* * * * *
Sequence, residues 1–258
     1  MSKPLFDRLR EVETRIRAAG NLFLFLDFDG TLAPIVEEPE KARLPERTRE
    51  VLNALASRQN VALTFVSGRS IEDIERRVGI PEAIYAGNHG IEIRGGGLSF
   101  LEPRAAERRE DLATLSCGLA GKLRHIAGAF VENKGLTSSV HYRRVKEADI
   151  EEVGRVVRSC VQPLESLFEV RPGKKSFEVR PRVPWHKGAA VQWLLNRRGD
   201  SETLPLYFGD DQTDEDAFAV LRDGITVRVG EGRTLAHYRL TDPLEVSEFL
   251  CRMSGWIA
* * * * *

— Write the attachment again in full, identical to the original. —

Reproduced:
Sequence, residues 1–258
     1  MSKPLFDRLR EVETRIRAAG NLFLFLDFDG TLAPIVEEPE KARLPERTRE
    51  VLNALASRQN VALTFVSGRS IEDIERRVGI PEAIYAGNHG IEIRGGGLSF
   101  LEPRAAERRE DLATLSCGLA GKLRHIAGAF VENKGLTSSV HYRRVKEADI
   151  EEVGRVVRSC VQPLESLFEV RPGKKSFEVR PRVPWHKGAA VQWLLNRRGD
   201  SETLPLYFGD DQTDEDAFAV LRDGITVRVG EGRTLAHYRL TDPLEVSEFL
   251  CRMSGWIA